Lunch & Learn Webinar

How Naturopathic Medicine Can Help You Thrive Postpartum with Dr. Jenna Priestap, ND

Guest Speaker:
Dr. Jenna Priestap, ND

Dr. Danielle O' Connor, ND

Webinar Date and Time:
11/01/2023 12:00 pm

Dr. Jenna Priestap is a Naturopathic Doctor who focuses on women’s health, especially maternal care.

Q. What are some common misconceptions about the postpartum period and postpartum care?

A. One is that your healing should be done at six weeks. In reality, these six weeks correspond with the physical recovery after you have your baby and deliver the placenta. Getting rest is essential because you leave a plate-sized wound in your uterus, which should fully heal by six weeks.

However, when you have a baby, you are completely cracked open spiritually and emotionally, so there’s more that goes on. A lot of women get caught up in thinking that they should be fully healed and feeling like themselves by six weeks when, in reality, even though conventional care ends, at that point, there’s a lot more to come for that first year. This is where naturopathic medicine can be a perfect support.

Another big one is that postpartum depression and anxiety are only going to be only going to show up in the first six weeks. In reality, you can get postpartum depression anxiety through the whole first year. With care ending at six weeks, there are a lot of women that are basically left in the dark and soon begin to feel like there’s something wrong with them. Mood disorders and postpartum anxiety and depression are not just in your head. Physiological reasons and nutrient deficiencies correlate with an increased risk of postpartum depression or anxiety. The nutrients that you use to create your beautiful baby, when depleted, increase your chances of postpartum depression and anxiety if they’re not replenished.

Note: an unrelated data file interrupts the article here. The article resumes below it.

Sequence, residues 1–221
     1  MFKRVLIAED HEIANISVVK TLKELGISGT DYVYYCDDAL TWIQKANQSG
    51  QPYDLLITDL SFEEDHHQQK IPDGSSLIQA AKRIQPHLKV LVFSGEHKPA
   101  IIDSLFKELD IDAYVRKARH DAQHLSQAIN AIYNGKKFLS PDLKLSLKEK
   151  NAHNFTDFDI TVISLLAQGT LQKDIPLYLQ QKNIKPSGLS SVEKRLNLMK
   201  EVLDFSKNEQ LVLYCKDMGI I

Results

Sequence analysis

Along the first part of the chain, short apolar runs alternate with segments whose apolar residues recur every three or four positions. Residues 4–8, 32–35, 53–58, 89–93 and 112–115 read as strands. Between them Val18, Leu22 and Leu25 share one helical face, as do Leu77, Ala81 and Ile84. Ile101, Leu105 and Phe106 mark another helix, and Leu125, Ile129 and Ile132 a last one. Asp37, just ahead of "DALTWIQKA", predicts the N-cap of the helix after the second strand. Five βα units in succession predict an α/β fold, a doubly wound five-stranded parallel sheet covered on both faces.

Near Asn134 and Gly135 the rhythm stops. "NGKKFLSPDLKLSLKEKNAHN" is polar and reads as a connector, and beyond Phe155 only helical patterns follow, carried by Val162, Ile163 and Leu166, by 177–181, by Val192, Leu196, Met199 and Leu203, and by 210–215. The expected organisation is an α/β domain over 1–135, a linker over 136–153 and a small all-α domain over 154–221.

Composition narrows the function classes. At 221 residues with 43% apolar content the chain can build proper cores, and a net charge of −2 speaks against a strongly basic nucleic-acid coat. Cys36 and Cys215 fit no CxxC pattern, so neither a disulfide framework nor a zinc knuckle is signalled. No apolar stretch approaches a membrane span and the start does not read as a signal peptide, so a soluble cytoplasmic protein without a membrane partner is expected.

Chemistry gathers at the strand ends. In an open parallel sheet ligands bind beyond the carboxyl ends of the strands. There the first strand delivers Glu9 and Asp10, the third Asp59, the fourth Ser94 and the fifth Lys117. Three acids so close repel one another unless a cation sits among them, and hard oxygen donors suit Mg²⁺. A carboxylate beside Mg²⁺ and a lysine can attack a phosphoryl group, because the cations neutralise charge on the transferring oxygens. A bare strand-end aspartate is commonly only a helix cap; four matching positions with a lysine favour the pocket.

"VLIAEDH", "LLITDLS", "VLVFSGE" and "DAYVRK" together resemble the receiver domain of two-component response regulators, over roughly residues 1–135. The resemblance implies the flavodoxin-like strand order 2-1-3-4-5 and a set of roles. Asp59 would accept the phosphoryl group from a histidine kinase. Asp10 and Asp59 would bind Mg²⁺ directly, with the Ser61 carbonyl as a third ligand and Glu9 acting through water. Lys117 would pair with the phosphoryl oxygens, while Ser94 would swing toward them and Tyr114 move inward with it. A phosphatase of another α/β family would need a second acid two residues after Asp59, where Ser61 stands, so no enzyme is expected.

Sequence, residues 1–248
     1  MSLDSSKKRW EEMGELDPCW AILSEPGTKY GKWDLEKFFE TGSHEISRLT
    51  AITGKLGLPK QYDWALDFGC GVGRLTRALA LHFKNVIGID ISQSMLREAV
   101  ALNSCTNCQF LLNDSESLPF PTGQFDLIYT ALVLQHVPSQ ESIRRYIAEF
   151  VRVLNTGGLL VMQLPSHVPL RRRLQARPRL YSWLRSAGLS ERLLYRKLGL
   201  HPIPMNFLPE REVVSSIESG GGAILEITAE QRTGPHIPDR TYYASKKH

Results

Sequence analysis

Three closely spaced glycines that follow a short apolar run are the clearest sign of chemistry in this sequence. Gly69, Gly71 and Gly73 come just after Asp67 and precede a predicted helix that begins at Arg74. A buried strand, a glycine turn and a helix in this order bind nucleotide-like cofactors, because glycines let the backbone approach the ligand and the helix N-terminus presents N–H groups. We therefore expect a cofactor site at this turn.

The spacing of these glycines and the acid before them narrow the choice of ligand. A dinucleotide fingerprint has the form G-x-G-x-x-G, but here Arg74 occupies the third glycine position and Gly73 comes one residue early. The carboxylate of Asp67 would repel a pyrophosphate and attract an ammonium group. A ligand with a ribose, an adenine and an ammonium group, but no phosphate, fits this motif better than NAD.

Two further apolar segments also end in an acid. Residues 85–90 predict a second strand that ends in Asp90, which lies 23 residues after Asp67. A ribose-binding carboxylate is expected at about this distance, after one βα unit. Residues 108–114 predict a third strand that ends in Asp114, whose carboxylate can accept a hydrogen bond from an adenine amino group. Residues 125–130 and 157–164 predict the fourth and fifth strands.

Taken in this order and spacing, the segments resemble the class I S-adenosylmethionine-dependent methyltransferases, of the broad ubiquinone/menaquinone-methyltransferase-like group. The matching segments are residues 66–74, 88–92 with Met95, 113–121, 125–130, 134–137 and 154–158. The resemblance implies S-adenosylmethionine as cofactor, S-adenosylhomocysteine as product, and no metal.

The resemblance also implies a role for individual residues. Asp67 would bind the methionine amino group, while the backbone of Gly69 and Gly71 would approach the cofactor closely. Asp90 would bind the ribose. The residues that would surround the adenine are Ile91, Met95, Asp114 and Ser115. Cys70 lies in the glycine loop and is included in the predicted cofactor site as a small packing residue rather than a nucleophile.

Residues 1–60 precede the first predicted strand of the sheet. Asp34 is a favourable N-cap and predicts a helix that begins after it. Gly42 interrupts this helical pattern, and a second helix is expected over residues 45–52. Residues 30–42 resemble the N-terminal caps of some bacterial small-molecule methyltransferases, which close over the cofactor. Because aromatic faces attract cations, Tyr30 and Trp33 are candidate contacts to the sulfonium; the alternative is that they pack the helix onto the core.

Q. How can a woman prepare for the postpartum period?

A. There are a couple of things that I recommend. One is setting boundaries: Discuss with your partner what it will look like when you’ve had the baby. Like, whether or not people are allowed to come over unannounced. Having people drop in unexpectedly can be an additional stressor. In such situations, your partner can be your voice.

The other thing is your nutrition. This is where I love freezer meals. Your energy and mood are going to be controlling your blood sugar. You want to focus on nutrient-dense foods with plenty of healthy fats and protein. Avoid refined sugar. I know people mean well when they come over with doughnuts and cake. But eating it will make your blood sugar drop and make you feel even more tired and irritable. Looking for either a meal service or freezer meals will be a huge help.

Another thing that will help is working with a practitioner to have your nutrient levels tested. Iron, for example, is important for blood production. When you have a baby, you are making a baby’s worth of blood. Iron deficiency has a 66% correlation to an increased risk of postpartum depression and anxiety.

Q. What sort of testing should a woman do during the postpartum period?